What could you do to help your faith grow? Is there something you used to do which you’d like to start doing? A new way of doing something, perhaps? Where do you feel weak? Bible knowledge, prayer, social action, compassion? How could you give yourself a boost that area? What do you enjoy? I love drawing and painting, so I’ve got a journal Bible so I can paint in it! Ask friends with similar interests what they might do to connect with God using their hobbies. Who or what could you enlist to help you? Is there a group at church or online you could link up with for ideas or encouragement?
4 Let your family see your faith at home
In her book, Parenting Children for a Life of Faith, Rachel Turner calls this building windows. We need at least sometimes make our faith activities visible to our family. I’ve often found it’s when I’m enjoying a story in the Bible or when I’m working on a project to help other people that my children want to join in. This means that I need to read the Bible, at least some of the time, when they’re around. I sometimes use an audio Bible – there’s some on the You Version app – which means that everyone gets to hear it! I sometimes do my painting when they’re around, which often means they want some paints to do their own one. I’ve even let them do drawings in my journal Bible!! My husband has involved our children from a very young age in our online giving, praying out loud instead of silently, and getting them to press the send button.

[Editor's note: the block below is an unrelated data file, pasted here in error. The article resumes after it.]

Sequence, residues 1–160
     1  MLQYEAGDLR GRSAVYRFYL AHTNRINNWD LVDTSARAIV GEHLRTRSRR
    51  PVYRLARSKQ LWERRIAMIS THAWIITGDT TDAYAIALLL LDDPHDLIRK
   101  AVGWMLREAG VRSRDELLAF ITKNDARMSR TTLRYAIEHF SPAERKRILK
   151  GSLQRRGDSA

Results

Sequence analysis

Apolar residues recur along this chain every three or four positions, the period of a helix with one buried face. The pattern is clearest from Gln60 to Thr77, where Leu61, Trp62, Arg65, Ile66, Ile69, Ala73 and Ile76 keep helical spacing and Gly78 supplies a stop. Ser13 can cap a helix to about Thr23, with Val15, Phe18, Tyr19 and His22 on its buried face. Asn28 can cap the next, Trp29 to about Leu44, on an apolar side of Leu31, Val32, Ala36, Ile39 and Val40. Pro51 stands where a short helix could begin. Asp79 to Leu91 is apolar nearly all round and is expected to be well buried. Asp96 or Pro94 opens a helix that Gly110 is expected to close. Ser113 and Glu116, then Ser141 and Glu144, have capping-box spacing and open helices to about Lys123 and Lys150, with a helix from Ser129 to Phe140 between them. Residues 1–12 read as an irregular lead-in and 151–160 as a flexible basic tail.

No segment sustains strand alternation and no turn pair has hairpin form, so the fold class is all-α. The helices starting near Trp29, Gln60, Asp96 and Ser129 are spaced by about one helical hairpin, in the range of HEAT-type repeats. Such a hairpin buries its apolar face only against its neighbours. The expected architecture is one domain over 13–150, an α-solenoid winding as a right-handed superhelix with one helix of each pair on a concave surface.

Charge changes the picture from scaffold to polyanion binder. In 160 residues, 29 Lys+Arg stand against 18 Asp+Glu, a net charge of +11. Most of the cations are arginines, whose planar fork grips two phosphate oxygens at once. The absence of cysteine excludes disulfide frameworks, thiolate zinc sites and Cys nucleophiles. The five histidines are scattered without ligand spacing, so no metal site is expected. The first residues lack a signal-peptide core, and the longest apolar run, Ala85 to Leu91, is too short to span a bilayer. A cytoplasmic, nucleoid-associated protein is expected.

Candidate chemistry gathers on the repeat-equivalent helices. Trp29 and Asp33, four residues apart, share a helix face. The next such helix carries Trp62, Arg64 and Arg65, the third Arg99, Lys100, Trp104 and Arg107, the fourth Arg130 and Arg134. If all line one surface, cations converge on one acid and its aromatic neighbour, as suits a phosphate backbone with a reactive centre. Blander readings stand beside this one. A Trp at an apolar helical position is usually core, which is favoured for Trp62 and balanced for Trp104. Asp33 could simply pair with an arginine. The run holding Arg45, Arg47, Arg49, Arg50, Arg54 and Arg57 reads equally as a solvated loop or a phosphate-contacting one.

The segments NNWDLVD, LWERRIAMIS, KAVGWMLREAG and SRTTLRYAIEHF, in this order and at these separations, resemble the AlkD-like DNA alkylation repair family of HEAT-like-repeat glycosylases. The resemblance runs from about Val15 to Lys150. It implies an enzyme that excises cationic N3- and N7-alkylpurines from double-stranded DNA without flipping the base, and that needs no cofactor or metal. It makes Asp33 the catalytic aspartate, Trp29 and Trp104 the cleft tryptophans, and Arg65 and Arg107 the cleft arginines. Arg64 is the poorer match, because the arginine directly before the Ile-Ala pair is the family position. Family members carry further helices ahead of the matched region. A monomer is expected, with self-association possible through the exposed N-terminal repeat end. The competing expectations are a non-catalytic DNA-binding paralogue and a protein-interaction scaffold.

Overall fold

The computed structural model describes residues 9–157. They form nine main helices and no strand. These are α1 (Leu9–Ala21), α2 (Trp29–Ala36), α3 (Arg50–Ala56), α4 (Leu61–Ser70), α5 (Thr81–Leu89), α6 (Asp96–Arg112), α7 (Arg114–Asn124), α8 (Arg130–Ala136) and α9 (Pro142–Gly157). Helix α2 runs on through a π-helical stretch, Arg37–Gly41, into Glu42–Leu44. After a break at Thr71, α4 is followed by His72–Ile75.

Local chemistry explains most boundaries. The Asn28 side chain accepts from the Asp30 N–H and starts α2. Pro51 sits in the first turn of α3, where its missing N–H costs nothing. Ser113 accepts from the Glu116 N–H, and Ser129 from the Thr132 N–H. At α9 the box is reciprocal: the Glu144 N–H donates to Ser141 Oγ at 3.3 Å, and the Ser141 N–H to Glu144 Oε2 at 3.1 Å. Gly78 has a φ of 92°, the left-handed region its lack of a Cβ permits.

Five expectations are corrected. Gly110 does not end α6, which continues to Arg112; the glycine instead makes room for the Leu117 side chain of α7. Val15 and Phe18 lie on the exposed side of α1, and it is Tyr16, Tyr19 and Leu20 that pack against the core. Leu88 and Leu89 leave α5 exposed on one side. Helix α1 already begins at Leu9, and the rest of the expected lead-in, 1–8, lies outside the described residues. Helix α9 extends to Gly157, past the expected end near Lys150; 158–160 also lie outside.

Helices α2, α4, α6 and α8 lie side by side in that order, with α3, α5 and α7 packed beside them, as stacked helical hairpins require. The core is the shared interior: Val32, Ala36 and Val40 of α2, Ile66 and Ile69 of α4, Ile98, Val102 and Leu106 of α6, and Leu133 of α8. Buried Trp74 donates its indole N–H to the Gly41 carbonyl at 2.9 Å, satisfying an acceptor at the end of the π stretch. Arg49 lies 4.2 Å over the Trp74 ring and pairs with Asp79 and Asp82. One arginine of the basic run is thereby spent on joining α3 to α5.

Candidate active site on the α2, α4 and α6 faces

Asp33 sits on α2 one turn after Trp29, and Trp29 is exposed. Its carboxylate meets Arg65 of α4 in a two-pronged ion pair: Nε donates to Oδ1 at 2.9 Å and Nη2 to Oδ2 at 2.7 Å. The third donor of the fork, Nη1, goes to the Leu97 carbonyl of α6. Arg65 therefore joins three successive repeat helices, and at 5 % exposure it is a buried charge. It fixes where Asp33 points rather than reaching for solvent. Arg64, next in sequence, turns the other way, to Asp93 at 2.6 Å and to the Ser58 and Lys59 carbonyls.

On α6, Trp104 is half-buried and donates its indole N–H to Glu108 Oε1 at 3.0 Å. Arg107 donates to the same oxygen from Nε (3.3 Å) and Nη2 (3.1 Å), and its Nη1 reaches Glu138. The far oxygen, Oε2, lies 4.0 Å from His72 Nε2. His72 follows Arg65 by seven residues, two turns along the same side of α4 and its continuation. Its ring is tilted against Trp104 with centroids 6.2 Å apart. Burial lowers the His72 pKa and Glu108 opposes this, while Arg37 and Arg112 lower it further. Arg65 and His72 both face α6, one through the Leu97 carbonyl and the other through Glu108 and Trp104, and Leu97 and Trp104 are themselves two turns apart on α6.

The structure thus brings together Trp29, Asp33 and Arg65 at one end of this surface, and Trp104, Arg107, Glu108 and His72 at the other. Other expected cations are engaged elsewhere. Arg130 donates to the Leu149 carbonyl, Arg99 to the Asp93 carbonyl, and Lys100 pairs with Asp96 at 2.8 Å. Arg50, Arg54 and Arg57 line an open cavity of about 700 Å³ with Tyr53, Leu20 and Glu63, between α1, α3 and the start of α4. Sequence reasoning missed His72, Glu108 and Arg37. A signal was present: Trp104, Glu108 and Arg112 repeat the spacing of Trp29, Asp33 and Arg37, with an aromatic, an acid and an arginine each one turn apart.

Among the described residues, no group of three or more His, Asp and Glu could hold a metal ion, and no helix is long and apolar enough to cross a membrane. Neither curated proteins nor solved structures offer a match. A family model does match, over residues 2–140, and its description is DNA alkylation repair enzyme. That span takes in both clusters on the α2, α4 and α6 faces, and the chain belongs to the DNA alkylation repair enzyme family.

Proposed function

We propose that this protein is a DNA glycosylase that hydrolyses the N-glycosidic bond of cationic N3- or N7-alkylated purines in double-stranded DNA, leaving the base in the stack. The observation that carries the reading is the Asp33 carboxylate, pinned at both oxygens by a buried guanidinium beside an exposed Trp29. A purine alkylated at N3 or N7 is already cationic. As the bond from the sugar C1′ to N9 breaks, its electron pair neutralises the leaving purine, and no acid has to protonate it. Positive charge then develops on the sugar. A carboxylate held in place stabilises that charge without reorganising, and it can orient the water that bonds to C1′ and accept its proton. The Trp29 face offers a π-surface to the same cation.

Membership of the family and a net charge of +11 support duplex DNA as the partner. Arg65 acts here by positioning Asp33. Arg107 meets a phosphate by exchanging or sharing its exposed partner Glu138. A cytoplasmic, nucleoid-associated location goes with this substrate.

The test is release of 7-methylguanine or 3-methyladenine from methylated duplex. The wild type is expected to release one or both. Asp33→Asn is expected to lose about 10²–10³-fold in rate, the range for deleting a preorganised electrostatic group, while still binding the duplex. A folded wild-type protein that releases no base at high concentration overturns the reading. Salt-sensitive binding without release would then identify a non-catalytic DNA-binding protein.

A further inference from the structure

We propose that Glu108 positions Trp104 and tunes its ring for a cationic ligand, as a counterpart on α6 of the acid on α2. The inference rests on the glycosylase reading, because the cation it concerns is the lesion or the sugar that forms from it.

What faith activities could you make windows into? What could you do a little differently so that it’s more visible to your family? And remember to sometimes invite them to join you or to say yes when they ask to!
5 Trust God to be at work
This is so important! Helping our faith at home to grow could become yet another task on our list, another thing to feel guilty about not doing enough or even proud about how great we are doing.
But here’s the thing – we’re not trying to create faith, but grow it. This is very different! Think how a plant grows – we plant the seed and water it, but it’s what’s already in the seed which responds to the soil and the water and the warmth. God is already at work in the hearts of our family. Our children are spiritual beings with a capacity to connect with God.
Psalm 127:1 says: “Unless God builds the house, the builders build in vain. Unless God guards the city, the watch men watch in vain.” (The Message version)
So let’s chose to trust God. Let’s chat with Him about our family, and watch and listen and see what He is doing. Sometimes this is the best thing we can do, and it’s more than enough.
6 Connect with others
It might that you will find it helpful to connect with other parents also wanting to grow faith at home. You could chat to others at your church or join (or start) a Parenting for faith course available for free online from BRF. If you’re on Facebook, you could like the following pages to get encouragement and family at home ideas: GodVenture, The Kitchen Table Project, and BRF – Parenting for Faith. Rachel Turner does an excellent podcast discussing lots of things about faith at home called ‘Parenting for faith’.
I pray that we’ll all be able to choose one of these ideas to apply to our own unique family – find what is right for us and our family in our current season.